Personalised Mechanical Ventilation - The LIVE Study

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The effectiveness of personalised mechanical ventilation in patients with acute respiratory distress syndrome (ARDS) is still unclear. A new study was conducted in France to test whether a mechanical ventilation strategy personalised to an individual patient's lung morphology could improve survival compared with the standard of care. 

For the purpose of this study, 400 patients with moderate-to-severe ARDS were enrolled. Patients with early ARDS for less than 12 hours were assigned either to the control group or the personalised group. There were 204 patients in the control group, and they received a tidal volume of 6 mL/kg per predicted bodyweight. Positive end-expiratory pressure (PEEP) was selected according to a low PEEP and fraction of inspired oxygen table. Early prone position was encouraged in this group.196 patients were included in the personalised group. The treatment protocol for these patients was based on lung morphology. Patients with focal ARDS received a tidal volume of 8 mL/kg, low PEEP, and prone position while those with non-focal ARDS received a tidal volume of 6 mL/kg, high PEEP and recruitment manoeuvres. The primary outcome of the study was 90-day mortality determined by an intention-to-treat analysis. 

Findings of the study showed no difference in 90-day mortality between the two groups. However, it was observed that nearly 21% of the patients were misclassified as having focal or non-focal ARDS. Study researchers found a significant interaction between misclassification and group allocation as far as the primary outcome was concerned. 90-day mortality was much higher for the misclassified patients in the personalised group compared to those in the control group.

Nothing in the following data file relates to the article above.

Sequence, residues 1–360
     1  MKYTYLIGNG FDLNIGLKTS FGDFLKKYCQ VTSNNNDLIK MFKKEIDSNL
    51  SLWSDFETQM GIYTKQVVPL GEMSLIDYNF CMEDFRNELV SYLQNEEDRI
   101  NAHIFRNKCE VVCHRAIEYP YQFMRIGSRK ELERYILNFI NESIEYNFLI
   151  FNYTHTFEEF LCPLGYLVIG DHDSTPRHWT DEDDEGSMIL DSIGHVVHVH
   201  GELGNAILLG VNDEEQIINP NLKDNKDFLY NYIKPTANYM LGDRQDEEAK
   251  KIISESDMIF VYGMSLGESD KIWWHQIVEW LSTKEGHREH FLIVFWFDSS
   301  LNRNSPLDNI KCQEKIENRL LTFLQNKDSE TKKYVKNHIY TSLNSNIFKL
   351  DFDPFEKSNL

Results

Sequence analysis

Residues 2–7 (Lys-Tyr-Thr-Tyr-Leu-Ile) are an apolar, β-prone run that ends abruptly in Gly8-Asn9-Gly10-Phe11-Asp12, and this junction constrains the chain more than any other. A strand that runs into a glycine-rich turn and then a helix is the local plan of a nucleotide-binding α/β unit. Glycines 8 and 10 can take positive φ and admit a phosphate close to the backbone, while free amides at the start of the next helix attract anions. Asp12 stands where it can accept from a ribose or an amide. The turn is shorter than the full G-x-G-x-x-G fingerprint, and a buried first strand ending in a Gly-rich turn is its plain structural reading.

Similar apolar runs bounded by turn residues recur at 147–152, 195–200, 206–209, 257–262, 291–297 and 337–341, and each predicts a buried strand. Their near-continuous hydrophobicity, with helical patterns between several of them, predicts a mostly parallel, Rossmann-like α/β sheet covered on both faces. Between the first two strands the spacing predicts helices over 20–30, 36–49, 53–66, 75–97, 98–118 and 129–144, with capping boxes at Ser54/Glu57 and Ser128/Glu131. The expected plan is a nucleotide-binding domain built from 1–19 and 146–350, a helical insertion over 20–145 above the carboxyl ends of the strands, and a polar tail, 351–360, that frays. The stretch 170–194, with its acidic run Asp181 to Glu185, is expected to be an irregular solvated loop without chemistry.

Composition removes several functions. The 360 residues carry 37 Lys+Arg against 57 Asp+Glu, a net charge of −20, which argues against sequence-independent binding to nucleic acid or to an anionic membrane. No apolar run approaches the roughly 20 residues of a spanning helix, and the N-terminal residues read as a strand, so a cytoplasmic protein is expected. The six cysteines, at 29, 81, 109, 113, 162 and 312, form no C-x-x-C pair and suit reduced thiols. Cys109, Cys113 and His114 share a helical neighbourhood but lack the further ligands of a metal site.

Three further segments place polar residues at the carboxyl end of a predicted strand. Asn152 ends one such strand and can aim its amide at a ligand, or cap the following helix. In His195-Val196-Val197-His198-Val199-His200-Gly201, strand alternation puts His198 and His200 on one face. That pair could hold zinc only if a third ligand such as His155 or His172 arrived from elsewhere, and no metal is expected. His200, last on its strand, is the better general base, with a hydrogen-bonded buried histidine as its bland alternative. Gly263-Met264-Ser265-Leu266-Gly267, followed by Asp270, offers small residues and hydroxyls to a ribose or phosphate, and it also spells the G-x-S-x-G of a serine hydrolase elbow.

Overall, findings from the LIVE study show that personalisation of mechanical ventilation did not decrease mortality in patients with ARDS. This was mainly due to the misclassification of a high percentage of patients. As per these findings, a ventilation strategy that is misaligned with lung morphology can increase mortality. It is important to further assess whether improvement in ARDS phenotyping can help improve clinical outcomes in patients with ARDS.

Source: The Lancet
Image Credit: iStock

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Published on : Sun, 18 Aug 2019



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mechanical ventilation, acute respiratory distress syndrome, ARDS, lung morphology, personalised mechanical ventilation The effectiveness of personalised mechanical ventilation in patients with acute respiratory distress syndrome (ARDS) is still unclear. A new study was conducted in France to test whether a mechanical ventilation strategy personalised to an individual pati

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